<VV> Question about Turbo fuel return
mgparts at comcast.net
Mon Sep 23 20:34:33 EDT 2013
Frank, et al,
If gotten a range of strong recommendations, including install the return
line and reduce fuel pressure (install pressure regulator) to avoid carb
over-filling. Seems to me that controlling the fuel pressure is the least
I have one remaining question: if electronic fuel pumps are available that
run 1.5 - 4.0 PSI, then why is a pressure regulator necessary?
Thanks for your thoughts.
From: virtualvairs-bounces at corvair.org
[mailto:virtualvairs-bounces at corvair.org] On Behalf Of Frank DuVal
Sent: Saturday, September 21, 2013 9:59 PM
To: virtualvairs at corvair.org
Subject: Re: <VV> Question about Turbo fuel return
The 63 return system does not change any stock parts, either the filler neck
It uses a rubber "T" in the vent line between the filler neck and tank,
replacing the typical straight piece of rubber hose on non turbo models.
This "T" has proven troublesome, depending on which supplier, so if the
filer neck is out, solder a nipple on it so you can just run the return line
directly to it just like late model (68,69) cars do.
Yes, the return line should work better. But, I know people have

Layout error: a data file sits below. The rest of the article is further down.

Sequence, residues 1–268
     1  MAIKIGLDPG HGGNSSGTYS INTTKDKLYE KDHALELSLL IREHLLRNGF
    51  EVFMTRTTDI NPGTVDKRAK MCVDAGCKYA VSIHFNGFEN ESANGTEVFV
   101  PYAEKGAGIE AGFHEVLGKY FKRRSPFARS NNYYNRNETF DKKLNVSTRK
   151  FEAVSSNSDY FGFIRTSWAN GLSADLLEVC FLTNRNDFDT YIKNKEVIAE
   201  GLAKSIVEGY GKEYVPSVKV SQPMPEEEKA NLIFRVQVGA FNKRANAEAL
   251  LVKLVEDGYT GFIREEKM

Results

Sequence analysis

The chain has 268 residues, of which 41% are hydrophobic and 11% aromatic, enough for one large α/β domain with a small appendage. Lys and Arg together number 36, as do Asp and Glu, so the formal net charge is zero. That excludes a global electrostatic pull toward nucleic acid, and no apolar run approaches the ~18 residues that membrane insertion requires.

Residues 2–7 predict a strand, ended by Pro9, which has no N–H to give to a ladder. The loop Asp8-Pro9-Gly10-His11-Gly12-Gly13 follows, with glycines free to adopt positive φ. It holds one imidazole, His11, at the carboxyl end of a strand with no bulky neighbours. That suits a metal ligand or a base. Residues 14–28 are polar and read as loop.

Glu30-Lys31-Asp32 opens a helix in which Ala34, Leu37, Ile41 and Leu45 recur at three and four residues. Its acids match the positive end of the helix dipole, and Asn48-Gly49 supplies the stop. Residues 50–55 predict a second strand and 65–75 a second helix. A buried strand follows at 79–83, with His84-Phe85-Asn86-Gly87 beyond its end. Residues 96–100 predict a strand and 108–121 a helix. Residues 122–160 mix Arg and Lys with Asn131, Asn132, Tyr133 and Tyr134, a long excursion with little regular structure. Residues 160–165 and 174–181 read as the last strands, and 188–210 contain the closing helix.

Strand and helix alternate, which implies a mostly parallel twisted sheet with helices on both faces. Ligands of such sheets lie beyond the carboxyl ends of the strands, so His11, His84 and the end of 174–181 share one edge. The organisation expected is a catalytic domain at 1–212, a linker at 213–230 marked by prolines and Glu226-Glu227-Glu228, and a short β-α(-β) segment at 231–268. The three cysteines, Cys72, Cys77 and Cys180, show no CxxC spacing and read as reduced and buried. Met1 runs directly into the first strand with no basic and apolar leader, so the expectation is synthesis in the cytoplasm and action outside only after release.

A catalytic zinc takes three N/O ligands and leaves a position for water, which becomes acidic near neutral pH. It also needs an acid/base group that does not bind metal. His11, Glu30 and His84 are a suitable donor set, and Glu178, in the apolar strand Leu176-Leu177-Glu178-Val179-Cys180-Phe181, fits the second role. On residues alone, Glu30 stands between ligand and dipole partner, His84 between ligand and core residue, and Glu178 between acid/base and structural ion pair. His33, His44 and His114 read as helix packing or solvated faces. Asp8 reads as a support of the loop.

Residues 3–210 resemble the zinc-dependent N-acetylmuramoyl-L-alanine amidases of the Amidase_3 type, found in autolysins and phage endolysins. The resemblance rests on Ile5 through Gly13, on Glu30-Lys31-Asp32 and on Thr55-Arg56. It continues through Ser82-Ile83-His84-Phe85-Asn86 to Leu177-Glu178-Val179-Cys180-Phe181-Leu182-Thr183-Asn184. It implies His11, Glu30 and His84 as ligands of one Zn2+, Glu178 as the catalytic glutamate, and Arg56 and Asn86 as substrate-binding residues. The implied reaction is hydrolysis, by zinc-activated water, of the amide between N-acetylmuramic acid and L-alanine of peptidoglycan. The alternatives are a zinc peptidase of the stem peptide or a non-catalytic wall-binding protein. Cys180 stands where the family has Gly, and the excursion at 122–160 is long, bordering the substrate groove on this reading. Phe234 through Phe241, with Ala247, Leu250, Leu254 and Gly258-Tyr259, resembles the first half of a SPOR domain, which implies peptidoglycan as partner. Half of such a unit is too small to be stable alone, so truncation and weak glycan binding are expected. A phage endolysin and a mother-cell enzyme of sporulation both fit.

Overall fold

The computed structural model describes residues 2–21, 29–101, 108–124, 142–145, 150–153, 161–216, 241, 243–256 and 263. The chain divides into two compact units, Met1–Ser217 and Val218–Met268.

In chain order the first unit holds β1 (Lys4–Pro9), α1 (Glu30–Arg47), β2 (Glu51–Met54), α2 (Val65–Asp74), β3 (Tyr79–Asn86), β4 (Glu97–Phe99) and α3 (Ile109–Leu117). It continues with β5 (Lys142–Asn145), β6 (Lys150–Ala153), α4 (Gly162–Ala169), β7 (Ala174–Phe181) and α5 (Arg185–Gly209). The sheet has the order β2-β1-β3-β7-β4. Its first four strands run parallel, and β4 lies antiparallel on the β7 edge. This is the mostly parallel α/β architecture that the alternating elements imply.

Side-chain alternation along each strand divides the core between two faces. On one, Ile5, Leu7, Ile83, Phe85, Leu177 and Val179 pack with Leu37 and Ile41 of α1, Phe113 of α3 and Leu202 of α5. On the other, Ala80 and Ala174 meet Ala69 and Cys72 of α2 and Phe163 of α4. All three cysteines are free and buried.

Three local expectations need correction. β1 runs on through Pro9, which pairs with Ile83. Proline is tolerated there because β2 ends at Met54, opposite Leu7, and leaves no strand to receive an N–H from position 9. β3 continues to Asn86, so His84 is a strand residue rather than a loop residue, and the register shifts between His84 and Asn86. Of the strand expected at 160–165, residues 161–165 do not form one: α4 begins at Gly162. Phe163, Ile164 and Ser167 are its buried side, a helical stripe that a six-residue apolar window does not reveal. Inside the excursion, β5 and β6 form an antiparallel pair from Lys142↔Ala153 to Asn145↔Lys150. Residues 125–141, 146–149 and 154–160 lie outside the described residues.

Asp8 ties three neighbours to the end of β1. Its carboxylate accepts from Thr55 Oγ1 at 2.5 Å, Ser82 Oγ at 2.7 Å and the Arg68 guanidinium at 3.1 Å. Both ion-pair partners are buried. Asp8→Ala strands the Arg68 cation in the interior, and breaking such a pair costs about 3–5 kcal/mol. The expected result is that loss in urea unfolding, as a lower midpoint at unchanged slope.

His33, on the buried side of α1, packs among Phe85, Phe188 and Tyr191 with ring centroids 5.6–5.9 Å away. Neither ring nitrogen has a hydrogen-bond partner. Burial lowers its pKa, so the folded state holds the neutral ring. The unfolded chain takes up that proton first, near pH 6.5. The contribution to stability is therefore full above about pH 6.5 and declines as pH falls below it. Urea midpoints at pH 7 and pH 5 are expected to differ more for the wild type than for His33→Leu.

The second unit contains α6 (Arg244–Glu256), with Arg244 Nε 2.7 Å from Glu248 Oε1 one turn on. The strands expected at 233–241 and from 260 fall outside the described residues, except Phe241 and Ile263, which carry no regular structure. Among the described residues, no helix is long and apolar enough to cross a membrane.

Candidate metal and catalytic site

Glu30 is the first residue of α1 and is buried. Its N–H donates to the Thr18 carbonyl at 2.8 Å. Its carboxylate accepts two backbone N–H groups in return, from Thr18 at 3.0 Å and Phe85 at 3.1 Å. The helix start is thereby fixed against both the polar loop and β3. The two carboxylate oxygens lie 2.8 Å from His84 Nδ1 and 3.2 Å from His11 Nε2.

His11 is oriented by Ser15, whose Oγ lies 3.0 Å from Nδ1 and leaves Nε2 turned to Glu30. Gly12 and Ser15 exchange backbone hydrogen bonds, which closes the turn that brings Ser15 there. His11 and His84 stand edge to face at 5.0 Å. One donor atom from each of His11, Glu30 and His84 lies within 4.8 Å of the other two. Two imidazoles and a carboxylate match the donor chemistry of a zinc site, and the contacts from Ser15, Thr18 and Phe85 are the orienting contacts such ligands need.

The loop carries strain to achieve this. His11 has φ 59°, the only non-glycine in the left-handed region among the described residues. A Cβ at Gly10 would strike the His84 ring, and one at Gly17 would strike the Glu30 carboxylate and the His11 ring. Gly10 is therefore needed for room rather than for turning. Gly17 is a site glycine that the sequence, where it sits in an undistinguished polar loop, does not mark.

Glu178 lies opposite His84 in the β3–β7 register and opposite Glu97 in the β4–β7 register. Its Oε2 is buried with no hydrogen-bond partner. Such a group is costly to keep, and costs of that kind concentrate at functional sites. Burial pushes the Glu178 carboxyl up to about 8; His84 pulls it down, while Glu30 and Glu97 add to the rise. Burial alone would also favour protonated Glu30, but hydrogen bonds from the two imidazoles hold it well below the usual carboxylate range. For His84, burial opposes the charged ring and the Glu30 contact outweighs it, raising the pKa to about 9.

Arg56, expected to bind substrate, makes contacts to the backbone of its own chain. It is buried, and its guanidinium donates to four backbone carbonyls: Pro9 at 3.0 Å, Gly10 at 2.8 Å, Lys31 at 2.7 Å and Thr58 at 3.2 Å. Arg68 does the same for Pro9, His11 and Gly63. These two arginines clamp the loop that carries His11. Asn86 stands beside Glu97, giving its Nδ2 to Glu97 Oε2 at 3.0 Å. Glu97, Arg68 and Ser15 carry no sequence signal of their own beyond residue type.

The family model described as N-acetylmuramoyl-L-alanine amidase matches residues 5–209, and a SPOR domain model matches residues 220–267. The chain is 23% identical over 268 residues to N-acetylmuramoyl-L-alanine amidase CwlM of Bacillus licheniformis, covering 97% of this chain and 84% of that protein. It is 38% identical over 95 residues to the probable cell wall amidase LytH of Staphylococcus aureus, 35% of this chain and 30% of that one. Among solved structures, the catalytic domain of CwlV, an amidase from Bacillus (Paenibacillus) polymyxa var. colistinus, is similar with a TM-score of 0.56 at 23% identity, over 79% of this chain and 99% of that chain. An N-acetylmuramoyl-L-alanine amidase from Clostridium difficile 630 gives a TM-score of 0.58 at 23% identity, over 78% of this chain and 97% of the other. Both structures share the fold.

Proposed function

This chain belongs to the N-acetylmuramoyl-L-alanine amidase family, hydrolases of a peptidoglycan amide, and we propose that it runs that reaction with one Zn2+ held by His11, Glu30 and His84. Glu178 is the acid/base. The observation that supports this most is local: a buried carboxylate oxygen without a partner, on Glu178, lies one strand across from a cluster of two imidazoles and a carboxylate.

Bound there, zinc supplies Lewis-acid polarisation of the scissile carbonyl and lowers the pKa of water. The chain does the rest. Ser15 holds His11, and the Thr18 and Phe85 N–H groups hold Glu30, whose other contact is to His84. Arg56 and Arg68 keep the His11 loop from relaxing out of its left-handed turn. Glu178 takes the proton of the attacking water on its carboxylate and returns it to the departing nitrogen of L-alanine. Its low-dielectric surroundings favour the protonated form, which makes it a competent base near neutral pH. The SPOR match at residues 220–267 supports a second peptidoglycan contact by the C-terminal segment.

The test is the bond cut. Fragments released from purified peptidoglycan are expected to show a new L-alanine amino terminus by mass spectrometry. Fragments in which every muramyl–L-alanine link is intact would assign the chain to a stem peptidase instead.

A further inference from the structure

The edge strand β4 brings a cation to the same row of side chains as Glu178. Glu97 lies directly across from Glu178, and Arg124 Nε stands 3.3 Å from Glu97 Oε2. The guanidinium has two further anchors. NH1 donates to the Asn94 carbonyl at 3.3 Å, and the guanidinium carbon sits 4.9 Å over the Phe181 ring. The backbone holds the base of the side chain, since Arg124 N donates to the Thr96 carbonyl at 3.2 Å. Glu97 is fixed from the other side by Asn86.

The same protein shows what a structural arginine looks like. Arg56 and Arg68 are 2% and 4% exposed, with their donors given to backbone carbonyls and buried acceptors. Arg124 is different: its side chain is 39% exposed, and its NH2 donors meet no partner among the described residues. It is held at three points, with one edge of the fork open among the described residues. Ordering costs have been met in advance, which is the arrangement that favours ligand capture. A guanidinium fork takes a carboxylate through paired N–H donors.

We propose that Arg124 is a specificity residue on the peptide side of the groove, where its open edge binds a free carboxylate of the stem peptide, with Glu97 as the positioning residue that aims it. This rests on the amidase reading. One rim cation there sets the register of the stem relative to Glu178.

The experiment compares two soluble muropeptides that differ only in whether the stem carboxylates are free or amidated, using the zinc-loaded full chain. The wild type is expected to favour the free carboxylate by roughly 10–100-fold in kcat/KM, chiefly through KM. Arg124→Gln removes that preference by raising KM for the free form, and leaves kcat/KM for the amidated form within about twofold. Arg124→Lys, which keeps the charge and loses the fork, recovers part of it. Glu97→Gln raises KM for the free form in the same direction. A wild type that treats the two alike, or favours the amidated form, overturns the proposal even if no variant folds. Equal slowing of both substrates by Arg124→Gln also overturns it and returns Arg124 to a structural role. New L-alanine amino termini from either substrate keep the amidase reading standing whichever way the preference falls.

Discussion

disconnected the return line to drive when the rubber "T" failed so they
could get home. ANd since you have everything removed from the car, adding
the steel line and rubber parts should be easy.
I do not know the filter question answer.
On 9/21/2013 8:31 PM, G Monrad wrote:
> I just pulled the fuel tank from my newly purchased 63 Spyder. The
> car had sat since 1986. And the old fuel had gone very bad. There
> were pin holes in the tank. Upon removal, I found that the fuel
> return from the Turbo fuel filter to the tank was not part of the fuel
> Question - is it worth changing to the later fuel return design to
> avoid heat-soak?
> Also, what after-market fuel filter can be used that has the excess
> fuel return and the fuel supply to the carb? Can a tee be used at the
> Glenn Monrad
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